House Calls / Dr. Michael Schwartz
A frequent question and concern from patients is when to undergo preventative tests. It is often confusing for both the doctor and patient as these recommendations are continuously changing and evolving. There is usually a cost involved in performing these screening exams and patients want to make certain they are truly necessary.
Ultimately, the decision to perform a screening exam is based on the specific needs and medical history of each individual patient. Nevertheless, below are the current guidelines and recommendations for patients to consider.
Screening with a colonoscopy generally begins at age 50.
If you have one family member with colon cancer, then screening should begin at age 40 or 10 years earlier than the age when your family member was first diagnosed with colon cancer.
If three or more family members were diagnosed with colon cancer, then your first screening should begin at age 25.
The colonoscopy should be repeated every 10 years if the results are normal, but may be more frequent depending on the results of the test and the patient's medical history.
In patients with inflammatory bowel disease, the colonoscopy should be performed eight to 10 years after the diagnosis of this disease and then repeated every one to two years.
Mammography has shown to be most beneficial for woman over the age of 50. However, most doctors still recommend that screening begin at age 35 with a baseline exam. A repeat mammogram is then recommended at age 40 and should be repeated every one to two years.
Women over 75 should no longer be screened for breast cancer unless the benefits outweigh the risks.
High-risk patients may benefit from MRI breast screening and genetic testing.
All women over 20 should perform monthly self-breast examinations.
Women between the ages of 20 and 39 should have a breast exam by a physician every one to three years, while patients over 40 should have them yearly.
If a lesion is discovered on a self-exam, further testing should always be performed.
Smokers or former smokers (who quit within 15 years), who are between 55 and 79 and have smoked the equivalent of a pack a day for at least 30 years should undergo a yearly low dose radiation CT scan. Some medical centers are now offering this exam free of charge.
Prostate cancer testing is no longer recommended for routine screening; although this is controversial with many physicians.
It is recommended to only screen men under 40 who are at high risk. The benefits of screening have not shown that they outweigh the risks and benefits of diagnosing and treating this age group.
Although not recommended in men between the ages of 40 and 54, patients can discuss the risks/benefits of testing with their doctors and determine if screening is necessary. Men at high risk (e.g., family history of prostate cancer) may benefit from testing.
Men between 55 and 69 may benefit the most from screening. The decision to screen should still be discussed with your physician and may be repeated every one to two years.
Men over 70 should not be screened, but the decision can be made based on the health and life expectancy of the patient.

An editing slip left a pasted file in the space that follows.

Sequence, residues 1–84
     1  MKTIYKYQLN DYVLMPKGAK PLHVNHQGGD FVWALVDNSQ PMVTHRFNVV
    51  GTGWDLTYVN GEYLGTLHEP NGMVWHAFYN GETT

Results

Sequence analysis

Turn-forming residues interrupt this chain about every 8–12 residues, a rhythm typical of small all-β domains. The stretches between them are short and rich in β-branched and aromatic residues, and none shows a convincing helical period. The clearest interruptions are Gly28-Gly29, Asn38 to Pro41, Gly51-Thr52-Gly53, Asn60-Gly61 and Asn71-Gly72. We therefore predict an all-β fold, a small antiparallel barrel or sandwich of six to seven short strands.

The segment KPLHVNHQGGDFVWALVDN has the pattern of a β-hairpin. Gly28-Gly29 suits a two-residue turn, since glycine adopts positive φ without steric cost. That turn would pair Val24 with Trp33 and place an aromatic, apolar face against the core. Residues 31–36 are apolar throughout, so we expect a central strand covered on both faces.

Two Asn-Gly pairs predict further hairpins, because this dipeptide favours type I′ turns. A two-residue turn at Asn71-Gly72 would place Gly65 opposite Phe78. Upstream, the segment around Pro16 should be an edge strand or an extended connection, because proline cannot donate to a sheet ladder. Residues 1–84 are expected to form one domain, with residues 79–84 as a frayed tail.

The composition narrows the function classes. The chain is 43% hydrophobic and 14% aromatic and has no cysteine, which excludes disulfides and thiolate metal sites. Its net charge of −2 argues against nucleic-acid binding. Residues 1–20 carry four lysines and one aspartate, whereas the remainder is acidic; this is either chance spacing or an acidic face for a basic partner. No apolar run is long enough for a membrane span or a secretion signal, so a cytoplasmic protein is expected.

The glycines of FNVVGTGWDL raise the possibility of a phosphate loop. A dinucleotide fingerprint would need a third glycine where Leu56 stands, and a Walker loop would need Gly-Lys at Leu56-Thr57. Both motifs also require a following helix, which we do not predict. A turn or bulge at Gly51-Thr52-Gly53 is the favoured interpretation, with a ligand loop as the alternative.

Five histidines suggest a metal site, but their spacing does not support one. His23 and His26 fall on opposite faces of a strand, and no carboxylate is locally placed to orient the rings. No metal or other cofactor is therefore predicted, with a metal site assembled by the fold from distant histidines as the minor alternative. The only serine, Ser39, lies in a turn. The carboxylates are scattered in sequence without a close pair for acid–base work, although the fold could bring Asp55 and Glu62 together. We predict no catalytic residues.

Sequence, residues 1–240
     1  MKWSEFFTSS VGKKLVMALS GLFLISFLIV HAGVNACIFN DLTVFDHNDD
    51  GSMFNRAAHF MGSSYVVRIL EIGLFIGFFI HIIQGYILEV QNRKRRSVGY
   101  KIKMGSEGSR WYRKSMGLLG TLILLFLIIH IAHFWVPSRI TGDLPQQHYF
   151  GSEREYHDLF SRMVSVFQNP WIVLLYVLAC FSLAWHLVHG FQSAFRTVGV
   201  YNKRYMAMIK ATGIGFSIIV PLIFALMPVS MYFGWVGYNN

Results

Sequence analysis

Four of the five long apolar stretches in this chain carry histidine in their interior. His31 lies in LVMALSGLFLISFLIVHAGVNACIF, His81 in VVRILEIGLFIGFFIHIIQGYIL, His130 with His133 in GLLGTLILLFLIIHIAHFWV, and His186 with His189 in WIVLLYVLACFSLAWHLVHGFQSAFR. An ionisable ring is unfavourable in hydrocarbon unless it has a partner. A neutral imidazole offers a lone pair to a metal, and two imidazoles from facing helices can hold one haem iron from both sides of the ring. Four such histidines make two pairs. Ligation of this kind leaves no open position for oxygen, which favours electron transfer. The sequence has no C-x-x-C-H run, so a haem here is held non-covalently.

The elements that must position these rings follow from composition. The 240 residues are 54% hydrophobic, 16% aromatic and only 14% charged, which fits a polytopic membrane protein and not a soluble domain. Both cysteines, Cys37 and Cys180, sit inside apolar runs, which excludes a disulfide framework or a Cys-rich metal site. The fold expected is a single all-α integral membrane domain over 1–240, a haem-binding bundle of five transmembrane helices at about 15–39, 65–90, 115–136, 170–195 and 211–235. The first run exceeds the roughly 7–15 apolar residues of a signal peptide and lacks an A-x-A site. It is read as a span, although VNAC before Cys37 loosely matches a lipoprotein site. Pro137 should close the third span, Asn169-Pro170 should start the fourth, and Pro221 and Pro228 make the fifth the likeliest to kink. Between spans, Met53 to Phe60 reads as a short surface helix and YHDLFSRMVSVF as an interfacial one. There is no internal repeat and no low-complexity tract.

Pap smears should begin at age 21 even if a woman is not sexually active.
They are not necessary for women older than 65.
They should be repeated every three years or five years with human papilloma virus (HPV) testing.
There is no need for testing in women who have had a hysterectomy. However, your physician may still recommend testing depending on the reason for the surgery.
Abdominal aortic aneurysm
Recommended for all men who are or were former smokers and are between the ages of 65 to 75. Generally, an ultrasound is performed to evaluate the size of the aorta.
Men of all ages should perform a monthly testicular exam. If a nodule is detected, an ultrasound should be obtained.
Carotid artery disease screening is not recommended unless an abnormality is detected on physical examination.
Stress testing is not recommended for routine screening, but is still recommended for patients who may exhibit symptoms of heart disease or have multiple risk factors.
Bone density screening is recommended for woman older than 65. However, if a patient has additional risk factors, then the study may begin at age 60. The test is usually repeated every two years.
Blood pressure should be checked by your doctor at every office visit.
Cholesterol testing is recommended for men older than 35 and for women older than 45. However, testing may begin at 20 if patients have risk factors or a strong family history for heart disease or stroke.
Diabetes (blood sugar) is tested during a physical exam. However, those with elevated blood pressures, high cholesterol or a family history of diabetes should be tested on a yearly basis. Additionally, diabetics should have yearly eye exams and foot exams.
Human immunodeficiency virus (HIV)
Testing is now recommended for all adults and adolescents as a one-time blood test at their next physical examination. Additional testing may be performed based on risk factors.
Preventative screening can save lives. Guidelines are only recommendations and you should always discuss testing with your doctor. Finding things and fixing them before they break is always the best way to lead a long, healthy life.
Dr. Michael Schwartz is board certified in internal medicine with a private practice in Darien. For comments or questions, visit his website at www.drmichaelbschwartz.com.